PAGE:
What led to Arkansas' double execution

When Arkansas carried out death sentences for two inmates on Monday evening, it was part of the state's controversial plan to execute eight people by the end of the month, when its supply of a drug used in the process of lethal injection reaches its expiration date.

It was the first double execution in the U.S. since 2000, when Texas carried out the death sentences of two convicted killers.

The drug in question is midazolam, a sedative that pharmaceutical companies are no longer providing to states for use in executions, and one part of a three-drug cocktail that the state employs during the lethal injection process.

Here's what led to Arkansas' double execution Monday:

Feb. 27, 2017

Arkansas Gov. Asa Hutchinson sets execution dates for eight death row inmates between April 17 and April 27, 2017, to occur before the April 30 expiration of the state's supply of midazolam.

March 13, 2017

Arkansas acquires an unknown amount of potassium chloride, the third and final drug in its execution protocol that's used to stop the heart, according to the Arkansas Democrat-Gazette.

March 21, 2017

The Arkansas Democrat-Gazette reports a shortage of required citizen witnesses to watch the eight lethal injections.

The state prison director is then prompted to call on Rotary Club members to volunteer, according to the paper.

March 27, 2017

Nine death row inmates, including the eight scheduled for death in April, file lawsuits to halt the executions.

April 6, 2017

The Arkansas Supreme Court rules against halting the lethal injection of two inmates who were scheduled for execution, Stacey Eugene Johnson and Ledell Lee.

The court didn't elaborate on its reason for denying the requests, according to The Associated Press.

April 17, 2017

A U.S. Supreme Court decision effectively blocks the execution of death row inmate Don Davis, a convicted murderer, moments before it was scheduled to occur.

The ruling followed protests that had been growing around the Arkansas Governor's Mansion in Little Rock, where activists and some officials have called for the prisoners' reprieve. Among the officials was Pulaski County Circuit Judge Wendell Griffen, who was later barred from taking on capital punishment cases and referred to a disciplinary panel after he "lay on a cot as though he were a death row inmate on a gurney," according to the AP.

The demonstrations also included several high-profile names, such as Damien Echols of the West Memphis Three, a former death row inmate who was released in 2011, and actor Johnny Depp.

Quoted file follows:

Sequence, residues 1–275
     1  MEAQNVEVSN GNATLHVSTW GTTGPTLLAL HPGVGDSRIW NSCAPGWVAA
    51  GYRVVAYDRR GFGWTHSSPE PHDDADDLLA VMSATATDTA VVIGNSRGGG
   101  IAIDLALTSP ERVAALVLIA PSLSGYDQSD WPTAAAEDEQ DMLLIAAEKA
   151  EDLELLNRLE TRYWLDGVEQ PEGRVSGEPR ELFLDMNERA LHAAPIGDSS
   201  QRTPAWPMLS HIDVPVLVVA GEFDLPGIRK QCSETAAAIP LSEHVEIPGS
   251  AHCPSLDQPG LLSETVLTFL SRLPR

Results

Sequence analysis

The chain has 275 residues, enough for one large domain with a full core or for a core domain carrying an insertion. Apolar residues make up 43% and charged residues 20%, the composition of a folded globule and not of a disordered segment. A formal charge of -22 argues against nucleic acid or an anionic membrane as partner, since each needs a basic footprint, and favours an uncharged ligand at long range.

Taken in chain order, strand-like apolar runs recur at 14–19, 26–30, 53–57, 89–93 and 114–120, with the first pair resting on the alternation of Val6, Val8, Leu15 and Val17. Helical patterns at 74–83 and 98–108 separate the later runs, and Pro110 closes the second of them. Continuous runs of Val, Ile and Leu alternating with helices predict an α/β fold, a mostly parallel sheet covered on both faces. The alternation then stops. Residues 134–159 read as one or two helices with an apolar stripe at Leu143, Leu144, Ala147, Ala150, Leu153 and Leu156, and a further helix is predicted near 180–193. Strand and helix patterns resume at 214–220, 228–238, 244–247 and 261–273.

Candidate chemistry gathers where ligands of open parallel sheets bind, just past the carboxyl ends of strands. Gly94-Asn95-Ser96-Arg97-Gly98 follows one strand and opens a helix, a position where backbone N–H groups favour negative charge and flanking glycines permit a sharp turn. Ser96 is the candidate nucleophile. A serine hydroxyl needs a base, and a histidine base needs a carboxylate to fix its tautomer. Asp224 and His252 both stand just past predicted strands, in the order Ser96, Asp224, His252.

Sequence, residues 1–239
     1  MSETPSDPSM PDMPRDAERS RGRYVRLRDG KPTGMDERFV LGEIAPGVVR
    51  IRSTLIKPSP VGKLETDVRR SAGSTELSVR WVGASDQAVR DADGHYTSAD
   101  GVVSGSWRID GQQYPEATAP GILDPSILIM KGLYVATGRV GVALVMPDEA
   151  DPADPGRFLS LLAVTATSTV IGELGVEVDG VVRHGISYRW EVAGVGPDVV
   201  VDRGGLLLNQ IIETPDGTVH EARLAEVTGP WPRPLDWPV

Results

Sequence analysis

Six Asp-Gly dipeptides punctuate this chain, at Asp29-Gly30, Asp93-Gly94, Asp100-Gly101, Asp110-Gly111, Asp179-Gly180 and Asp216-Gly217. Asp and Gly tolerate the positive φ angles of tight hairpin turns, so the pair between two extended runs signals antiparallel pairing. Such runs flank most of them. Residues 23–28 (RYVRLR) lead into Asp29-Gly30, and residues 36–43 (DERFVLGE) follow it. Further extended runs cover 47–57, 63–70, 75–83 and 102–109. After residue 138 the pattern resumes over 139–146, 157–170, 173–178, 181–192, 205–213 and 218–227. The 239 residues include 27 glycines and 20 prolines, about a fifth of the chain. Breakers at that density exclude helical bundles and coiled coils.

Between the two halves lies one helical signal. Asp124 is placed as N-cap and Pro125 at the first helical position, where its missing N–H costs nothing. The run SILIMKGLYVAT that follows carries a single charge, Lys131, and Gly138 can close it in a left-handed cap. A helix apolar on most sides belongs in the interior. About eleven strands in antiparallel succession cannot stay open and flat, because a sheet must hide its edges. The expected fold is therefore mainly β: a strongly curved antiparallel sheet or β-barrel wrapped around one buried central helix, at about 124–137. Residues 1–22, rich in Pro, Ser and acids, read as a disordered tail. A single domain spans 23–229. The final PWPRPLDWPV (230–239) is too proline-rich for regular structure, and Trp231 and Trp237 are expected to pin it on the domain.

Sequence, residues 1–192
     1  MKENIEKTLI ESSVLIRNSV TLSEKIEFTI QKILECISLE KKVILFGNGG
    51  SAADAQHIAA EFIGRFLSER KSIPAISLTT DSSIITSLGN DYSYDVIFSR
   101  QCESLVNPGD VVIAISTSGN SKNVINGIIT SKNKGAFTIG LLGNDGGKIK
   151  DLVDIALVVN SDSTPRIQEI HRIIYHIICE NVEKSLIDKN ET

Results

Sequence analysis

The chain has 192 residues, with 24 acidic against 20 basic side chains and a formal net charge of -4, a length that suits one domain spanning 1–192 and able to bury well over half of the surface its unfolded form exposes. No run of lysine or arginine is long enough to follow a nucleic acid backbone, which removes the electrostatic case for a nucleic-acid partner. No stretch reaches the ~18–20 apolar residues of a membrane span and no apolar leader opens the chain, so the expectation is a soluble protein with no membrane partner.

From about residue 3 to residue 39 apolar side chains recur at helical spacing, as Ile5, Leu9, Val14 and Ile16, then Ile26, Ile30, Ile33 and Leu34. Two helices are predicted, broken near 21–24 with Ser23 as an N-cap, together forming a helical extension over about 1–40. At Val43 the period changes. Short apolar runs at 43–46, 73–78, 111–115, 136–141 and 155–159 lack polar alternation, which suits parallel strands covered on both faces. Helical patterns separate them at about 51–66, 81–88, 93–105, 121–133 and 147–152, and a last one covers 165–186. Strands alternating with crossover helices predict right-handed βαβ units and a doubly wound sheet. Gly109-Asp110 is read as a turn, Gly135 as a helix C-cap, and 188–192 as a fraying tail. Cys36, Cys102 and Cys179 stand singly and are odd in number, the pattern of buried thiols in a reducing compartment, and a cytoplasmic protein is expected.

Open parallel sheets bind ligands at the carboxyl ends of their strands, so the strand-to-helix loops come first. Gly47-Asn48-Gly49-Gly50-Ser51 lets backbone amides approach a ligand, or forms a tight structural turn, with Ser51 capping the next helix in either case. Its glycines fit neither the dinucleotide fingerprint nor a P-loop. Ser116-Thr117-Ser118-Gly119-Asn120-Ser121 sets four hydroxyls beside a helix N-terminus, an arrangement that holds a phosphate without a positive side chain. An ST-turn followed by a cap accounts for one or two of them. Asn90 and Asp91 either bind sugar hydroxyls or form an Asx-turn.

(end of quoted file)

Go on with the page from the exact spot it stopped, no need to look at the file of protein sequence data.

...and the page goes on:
Brian Gallini, the associate dean of the University of Arkansas School of Law, told ABC News at the time of the protests that the attorney general's office was within its legal rights to try and complete the remaining executions but that the issue of scheduling raised many questions about the process, including how the state plans to follow through on them after the drug expires.

"I think the impression of rushing is that there's no plan B," he said. "It's fine to want to bring justice for the victim's families but what is the plan B for doing that? It's still not clear."

Austin Sarat, professor of jurisprudence and political science at Amherst College and the author of "Gruesome Spectacles: Botched Executions and America's Death Penalty," told ABC News then that the state's aggressive plan significantly raises the risk of the state making a mistake in carrying out one or more of the executions.

"When you combine the compressed schedule of executions and the fact that the state hasn't carried one out in so long, it increases the risk for a mistake or a botched execution," Sarat said regarding Arkansas.

The state, for its part, said that after years of delay, death row prisoners should face their prescribed punishments to bring justice to the families of victims of their crimes. "As is oft said, justice delayed is justice denied," the state attorney general's office argued in a brief supporting a motion to vacate the stay of execution. "Now, the time has come to see that justice is done."

April 20, 2017

Just before midnight, the state executes Lee by lethal injection. It's the state's first execution since Eric Randall Nance was executed in 2005.

Newly appointed Supreme Court Justice Neil Gorsuch joined with four conservative colleagues to allow the state's lethal injection process to go forward in Lee's execution.

It was the first time he faced a vote in which he could have spared a man's life, according to the AP.

April 24, 2017

Arkansas carries out death sentences for two more inmates through lethal injection, marking the country's first double execution in nearly 17 years.

Convicted murders Jack Jones, 52, and Marcel Williams, 46, were executed just hours apart from each other.

Jones was executed at 8:20 p.m. for the rape and murder of a bookkeeper in 1995. Williams was executed about three hours later for the 1994 murder of a young mother.

It was the first time a state has executed two people on the same day since Texas killed two inmates in August of 2000.

ABC News' Karma Allen and J.J. Gallagher contributed to this report.
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